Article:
“Also, when some [abusive acts] are published via social media or foreign IP addresses, it may take longer to collect evidence.”

Reading, however, said two years was too long when it came to charging those who abused the national anthem.

“For charging and summoning offenders, that could easily be done,” he said. “It’s a bit unusual.”

He also rejected the government’s argument that authorities needed time to deal with social media hosts, saying Hong Kong courts may not have jurisdiction anyway if the alleged abuse was broadcast overseas.

Hung, a veteran criminal lawyer, also doubted the two-year period was really necessary.

“The existing National Flag and National Emblem Ordinance doesn’t have a similar [relaxed prosecution] rule,” Hung said. “We don’t want the offence to be viewed as retribution … offenders caught under the radar and only charged when prosecutors wanted.”

New anthem law: what you can and cannot do

He said the time limit should be shortened to within a year of when the offence took place.

Civic Party lawmaker Tanya Chan said her party would move amendments to delete the two-year time frame, highlighting how an investigation into localist lawmaker Cheng Chung-tai was completed well within six months. Cheng was in 2017 fined HK$5,000 (US$641) for desecrating small Chinese and Hong Kong flags in the Legislative Council the previous year by flipping them over.

In response, the Constitutional and Mainland Affairs Bureau said the bill already had the right balance.

There are similar time extensions in at least five ordinances, although they are typically related to white collar crime. For instance, prosecutors can bring a case under the Securities and Futures Ordinance within three years, or one to two years for some relatively minor offences under the Prevention of Bribery Ordinance.

Chinese national anthem warning for Hong Kong lawmakers

Companies can also be sued within three years for producing substandard goods under the Toys and Children’s Products Safety Ordinance.

Offenders of the proposed national anthem law could face a maximum three years in jail and a fine of HK$50,000.

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Alphabet's board of directors is being sued for allegations that it covered up claims of sexual harassment by top executives (GOOG, GOOGL)

google Larry Page and Sergey Brin

  • Alphabet’s board of directors are being sued over allegations of covering up company executives accused of sexual harassment or discrimination. 
  • The lawsuit, on behalf of an Alphabet shareholder, cites Android creator Andy Rubin’s alleged $90 million exit package following an internal investigation into his behavior.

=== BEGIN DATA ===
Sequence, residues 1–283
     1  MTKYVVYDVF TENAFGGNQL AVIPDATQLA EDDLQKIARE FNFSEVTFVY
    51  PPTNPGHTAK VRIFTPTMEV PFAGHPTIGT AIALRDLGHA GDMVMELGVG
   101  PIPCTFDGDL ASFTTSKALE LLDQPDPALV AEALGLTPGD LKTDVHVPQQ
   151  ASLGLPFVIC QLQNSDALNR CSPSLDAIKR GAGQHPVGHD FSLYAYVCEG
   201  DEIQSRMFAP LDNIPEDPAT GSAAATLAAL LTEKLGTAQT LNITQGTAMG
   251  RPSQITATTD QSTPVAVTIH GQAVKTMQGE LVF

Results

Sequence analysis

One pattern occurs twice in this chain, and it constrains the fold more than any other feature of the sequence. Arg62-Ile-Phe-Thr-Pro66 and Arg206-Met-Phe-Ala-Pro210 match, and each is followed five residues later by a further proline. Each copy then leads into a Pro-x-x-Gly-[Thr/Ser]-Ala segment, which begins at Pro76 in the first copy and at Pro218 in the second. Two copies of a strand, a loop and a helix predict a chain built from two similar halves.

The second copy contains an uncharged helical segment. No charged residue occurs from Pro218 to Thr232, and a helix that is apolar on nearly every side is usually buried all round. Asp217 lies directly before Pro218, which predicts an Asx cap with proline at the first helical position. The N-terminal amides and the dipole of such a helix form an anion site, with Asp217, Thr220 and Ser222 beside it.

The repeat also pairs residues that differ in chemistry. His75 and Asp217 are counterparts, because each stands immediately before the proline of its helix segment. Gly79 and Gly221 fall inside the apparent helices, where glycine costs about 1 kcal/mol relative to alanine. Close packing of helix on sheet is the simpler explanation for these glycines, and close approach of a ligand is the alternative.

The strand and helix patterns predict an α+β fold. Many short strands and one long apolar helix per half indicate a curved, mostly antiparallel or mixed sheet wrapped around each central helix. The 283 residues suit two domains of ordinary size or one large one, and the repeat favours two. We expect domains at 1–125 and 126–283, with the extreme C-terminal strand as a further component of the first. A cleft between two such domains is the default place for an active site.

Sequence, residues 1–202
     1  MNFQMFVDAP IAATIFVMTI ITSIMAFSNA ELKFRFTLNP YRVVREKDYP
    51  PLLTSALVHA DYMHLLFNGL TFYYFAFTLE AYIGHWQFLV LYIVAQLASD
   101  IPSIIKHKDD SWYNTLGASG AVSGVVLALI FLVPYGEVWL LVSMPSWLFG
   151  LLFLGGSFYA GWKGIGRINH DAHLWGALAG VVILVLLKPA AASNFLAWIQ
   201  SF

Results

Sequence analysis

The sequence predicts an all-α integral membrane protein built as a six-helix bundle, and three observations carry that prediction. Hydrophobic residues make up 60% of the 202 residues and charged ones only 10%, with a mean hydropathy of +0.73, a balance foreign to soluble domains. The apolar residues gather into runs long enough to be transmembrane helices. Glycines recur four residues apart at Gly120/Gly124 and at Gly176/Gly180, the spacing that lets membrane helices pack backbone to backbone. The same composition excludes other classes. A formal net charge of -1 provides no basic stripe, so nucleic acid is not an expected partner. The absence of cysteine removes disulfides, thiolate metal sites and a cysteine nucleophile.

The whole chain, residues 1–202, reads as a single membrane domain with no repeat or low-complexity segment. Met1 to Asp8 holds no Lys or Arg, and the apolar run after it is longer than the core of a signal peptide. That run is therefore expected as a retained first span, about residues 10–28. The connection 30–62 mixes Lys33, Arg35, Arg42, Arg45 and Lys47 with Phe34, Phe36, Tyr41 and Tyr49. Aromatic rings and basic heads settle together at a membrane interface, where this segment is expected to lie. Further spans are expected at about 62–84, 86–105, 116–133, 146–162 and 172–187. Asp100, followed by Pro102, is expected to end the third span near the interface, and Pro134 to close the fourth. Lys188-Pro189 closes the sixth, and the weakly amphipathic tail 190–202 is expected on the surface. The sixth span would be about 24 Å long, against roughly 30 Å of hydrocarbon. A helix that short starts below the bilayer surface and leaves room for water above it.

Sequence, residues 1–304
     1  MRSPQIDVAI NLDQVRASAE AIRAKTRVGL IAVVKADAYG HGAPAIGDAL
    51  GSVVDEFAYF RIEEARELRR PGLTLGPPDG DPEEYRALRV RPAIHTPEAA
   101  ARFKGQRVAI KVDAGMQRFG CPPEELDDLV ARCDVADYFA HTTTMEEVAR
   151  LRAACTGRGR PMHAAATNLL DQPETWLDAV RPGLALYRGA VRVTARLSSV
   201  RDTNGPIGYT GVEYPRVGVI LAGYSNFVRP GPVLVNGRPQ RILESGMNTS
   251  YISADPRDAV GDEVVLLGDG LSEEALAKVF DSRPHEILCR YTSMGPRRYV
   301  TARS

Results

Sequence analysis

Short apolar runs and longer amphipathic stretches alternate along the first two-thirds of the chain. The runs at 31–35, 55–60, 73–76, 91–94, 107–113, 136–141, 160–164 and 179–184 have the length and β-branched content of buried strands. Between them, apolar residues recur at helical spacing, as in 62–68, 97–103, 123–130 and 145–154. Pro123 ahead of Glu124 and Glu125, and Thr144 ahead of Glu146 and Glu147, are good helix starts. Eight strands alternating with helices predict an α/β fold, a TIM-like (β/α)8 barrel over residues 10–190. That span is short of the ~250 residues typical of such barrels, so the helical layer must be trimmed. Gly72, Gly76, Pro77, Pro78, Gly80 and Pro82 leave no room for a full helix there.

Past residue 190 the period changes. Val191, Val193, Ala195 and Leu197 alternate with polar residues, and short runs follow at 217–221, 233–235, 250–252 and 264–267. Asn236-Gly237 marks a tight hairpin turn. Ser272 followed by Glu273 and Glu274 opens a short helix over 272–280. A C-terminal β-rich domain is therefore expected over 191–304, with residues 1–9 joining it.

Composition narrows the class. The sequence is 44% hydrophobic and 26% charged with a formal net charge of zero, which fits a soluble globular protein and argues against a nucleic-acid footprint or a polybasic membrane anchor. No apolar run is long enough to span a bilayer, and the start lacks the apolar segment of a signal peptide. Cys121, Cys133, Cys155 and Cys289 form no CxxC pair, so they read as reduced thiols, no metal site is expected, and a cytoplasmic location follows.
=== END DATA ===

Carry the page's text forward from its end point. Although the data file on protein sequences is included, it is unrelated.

• “Rubin was allowed to quietly resign by defendants Larry Page and Sergey Brin after an internal investigation found the allegations of sexual harassment by Rubin to be credible,” according to the California court filing. 

The board members of Google-parent company Alphabet are being sued over allegations that the company routinely covered up claims of sexual harassment by executives, including Android creator Andy Rubin who received a $90 million exit package and a “hero’s farewell” following an internal investigation about his behavior.

The lawsuit, filed in California state court on Thursday by an Alphabet shareholder, alleges that the board of directors and top executives, including co-founders Larry Page and Sergey Brin, failed in their responsibility to investors by letting the harassment carry on. 

“Alphabet’s Board knew about allegations of sexual harassment by  numerous high‐level executives at Google, which the Company found to be ‘credible’ after performing internal investigations and review, and yet failed to disclose the finding that the allegations were credible, and  instead allowed the high ‐level executives to resign with lavish pay packages,” the complaint says. 

In October, The New York Times published details about the allegation that led to Rubin’s dismissal — including his pressuring a woman with whom he had an extramarital relationship into performing oral sex. The Times report also exposed that Rubin was given a $90 million exit package by the company even after an internal investigation found the woman’s complaint to be credible. 

Read more: Andy Rubin, the creator of Android, reportedly had bondage sex videos on his work computer, paid women for ‘ownership relationships,’ and allegedly pressured an employee into oral sex

News of how Alphabet handled the allegations led to thousands of employees staging a walkout in protest last November. 

“Because of Rubin’s importance to Google’s financial results, he was treated differently than other employees by Google’s Board and senior management,” the suit says. “He was given more deference and was lavished with compensation.”

The lawsuit is seeking unspecified compensatory and punitive damages, as well as remedies such as eliminating the dual class stock structure that gives Alphabet founders Page and Brin control of the company.  The suit is the first brought against Alphabet’s board, according to Bloomberg, which first reported news of the lawsuit. 

Louise Renne, a former San Francisco City Attorney who is representing the plaintiff, did not answer questions about the lawsuit. Alphabet was did not immediately return a request for comment. 

SEE ALSO: Here are the Facebook execs who insiders think might leave next